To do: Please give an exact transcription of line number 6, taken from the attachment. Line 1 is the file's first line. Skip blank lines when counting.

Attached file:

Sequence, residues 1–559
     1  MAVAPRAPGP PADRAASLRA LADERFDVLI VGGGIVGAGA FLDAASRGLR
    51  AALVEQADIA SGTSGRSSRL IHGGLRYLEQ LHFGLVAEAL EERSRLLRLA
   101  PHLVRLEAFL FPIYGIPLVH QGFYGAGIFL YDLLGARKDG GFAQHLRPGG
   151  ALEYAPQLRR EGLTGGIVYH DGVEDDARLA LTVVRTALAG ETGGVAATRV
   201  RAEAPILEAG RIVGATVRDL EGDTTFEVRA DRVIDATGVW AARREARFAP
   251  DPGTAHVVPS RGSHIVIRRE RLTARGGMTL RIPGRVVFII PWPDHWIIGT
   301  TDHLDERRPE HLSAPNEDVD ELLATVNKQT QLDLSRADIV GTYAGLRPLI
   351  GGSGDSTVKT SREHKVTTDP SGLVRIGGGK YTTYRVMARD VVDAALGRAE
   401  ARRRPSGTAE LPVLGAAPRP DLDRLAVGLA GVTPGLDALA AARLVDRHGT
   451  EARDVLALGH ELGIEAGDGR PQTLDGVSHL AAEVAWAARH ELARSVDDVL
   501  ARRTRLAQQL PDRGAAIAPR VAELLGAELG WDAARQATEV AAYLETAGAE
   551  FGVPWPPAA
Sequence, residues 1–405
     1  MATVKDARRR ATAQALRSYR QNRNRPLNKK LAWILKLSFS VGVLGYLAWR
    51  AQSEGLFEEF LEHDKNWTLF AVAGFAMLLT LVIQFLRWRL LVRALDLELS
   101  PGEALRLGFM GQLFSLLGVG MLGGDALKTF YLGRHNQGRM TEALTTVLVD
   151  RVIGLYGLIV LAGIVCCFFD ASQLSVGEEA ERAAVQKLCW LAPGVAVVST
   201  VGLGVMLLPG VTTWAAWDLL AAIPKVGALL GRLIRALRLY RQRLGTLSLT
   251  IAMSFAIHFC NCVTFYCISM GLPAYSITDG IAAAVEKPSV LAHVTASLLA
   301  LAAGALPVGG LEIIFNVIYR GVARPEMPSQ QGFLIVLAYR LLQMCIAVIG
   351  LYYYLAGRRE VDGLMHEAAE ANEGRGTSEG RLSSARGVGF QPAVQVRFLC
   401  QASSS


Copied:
   201  RAEAPILEAG RIVGATVRDL EGDTTFEVRA DRVIDATGVW AARREARFAP